Tuesday, March 08, 2022

A Post-Modern Defence of Ritual: a book review

My latest for the European Conservative: a review of Byung-Chul Han The Dispearance of Rituals.

This short book (about 100 pages) could be described as a post-modern critique of the forces that are destroying both traditional societies and the remaining traditional elements of Western civilisation. It is not unique in this project, but it is a representative example of a kind of book that has become more common in recent years, and the arguments it contains are worthy of serious consideration by conservatives approaching the issues from a rather different perspective.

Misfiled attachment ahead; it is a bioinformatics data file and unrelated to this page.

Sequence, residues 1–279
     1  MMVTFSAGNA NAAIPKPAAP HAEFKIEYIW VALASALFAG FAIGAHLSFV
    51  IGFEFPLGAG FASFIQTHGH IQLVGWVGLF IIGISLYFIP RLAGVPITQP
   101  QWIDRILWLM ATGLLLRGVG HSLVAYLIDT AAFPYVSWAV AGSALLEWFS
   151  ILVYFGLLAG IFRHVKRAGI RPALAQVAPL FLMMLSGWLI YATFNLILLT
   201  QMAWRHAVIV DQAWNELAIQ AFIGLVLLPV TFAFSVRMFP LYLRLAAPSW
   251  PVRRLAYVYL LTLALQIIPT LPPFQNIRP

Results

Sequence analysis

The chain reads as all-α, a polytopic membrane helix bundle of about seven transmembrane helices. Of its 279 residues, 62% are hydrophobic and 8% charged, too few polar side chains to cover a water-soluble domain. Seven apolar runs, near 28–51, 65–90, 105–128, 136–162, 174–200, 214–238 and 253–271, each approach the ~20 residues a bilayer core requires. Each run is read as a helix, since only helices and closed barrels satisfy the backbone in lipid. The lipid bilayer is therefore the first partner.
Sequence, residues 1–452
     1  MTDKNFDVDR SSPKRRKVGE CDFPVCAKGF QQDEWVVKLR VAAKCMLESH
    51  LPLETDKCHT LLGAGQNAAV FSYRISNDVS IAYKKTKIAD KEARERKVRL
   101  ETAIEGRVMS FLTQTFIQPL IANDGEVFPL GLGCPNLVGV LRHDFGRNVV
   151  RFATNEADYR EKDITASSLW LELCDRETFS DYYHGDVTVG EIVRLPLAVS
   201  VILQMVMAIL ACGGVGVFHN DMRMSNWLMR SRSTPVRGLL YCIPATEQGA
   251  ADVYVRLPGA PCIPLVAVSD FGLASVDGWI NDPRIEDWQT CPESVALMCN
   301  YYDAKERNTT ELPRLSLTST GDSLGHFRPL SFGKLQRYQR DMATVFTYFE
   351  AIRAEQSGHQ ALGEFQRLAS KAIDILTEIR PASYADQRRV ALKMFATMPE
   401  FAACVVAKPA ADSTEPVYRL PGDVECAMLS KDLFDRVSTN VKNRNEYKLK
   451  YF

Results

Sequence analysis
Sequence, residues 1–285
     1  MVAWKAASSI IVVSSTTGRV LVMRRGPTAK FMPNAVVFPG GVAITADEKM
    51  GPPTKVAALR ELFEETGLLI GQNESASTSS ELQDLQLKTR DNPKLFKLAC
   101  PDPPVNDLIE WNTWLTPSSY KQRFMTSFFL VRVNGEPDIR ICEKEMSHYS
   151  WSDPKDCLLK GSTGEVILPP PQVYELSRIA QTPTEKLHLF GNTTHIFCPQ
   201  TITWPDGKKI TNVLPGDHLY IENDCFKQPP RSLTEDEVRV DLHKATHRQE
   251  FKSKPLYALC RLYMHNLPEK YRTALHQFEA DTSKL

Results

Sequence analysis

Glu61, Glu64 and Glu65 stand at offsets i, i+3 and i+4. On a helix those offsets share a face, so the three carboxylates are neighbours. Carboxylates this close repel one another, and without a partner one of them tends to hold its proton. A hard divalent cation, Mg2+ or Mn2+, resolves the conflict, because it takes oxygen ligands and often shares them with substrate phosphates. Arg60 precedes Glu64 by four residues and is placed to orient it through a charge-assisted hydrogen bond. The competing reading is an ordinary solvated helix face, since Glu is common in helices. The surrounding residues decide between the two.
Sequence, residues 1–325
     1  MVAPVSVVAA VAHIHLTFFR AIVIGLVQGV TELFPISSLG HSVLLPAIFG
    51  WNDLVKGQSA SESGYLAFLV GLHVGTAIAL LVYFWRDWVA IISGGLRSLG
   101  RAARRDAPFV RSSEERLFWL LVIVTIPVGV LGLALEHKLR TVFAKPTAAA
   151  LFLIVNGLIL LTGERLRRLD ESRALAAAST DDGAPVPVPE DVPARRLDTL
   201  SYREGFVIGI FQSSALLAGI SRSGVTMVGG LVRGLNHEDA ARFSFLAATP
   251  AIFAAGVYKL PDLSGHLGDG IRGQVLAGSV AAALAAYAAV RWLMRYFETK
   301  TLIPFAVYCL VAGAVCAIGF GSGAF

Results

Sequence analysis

I am not an expert on Han’s sources—Gadamer, Foucoult, Baudrilland, Barthes, and others—so I take Han’s arguments simply as presented in this work. They display some of the characteristics of post-modernism which make it such a frustrating area to work in: sweeping generalisations, simplistic contrasts, dubious historical claims, and inconsistencies. To give an extreme example, Han appears to believe that ancient warfare did not involve projectiles (arrows and so on), which I think would have been a surprise to anyone living at the time. To some extent, one has to go along with him and see if a sound argument can be constructed out of the impassioned and intriguing elements he presents.

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